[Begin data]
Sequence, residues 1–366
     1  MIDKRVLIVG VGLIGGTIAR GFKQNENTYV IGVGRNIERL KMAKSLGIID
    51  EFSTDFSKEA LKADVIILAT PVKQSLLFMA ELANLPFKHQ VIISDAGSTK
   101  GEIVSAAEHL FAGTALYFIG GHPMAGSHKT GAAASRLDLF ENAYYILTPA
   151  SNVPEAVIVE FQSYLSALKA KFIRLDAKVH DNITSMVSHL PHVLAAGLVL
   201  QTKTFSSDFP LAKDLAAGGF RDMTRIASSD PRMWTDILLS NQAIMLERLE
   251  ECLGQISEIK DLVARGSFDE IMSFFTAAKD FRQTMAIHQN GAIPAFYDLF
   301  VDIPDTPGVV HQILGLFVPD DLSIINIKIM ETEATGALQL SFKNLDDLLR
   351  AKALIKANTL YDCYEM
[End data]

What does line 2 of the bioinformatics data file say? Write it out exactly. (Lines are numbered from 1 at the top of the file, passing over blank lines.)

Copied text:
     1  MIDKRVLIVG VGLIGGTIAR GFKQNENTYV IGVGRNIERL KMAKSLGIID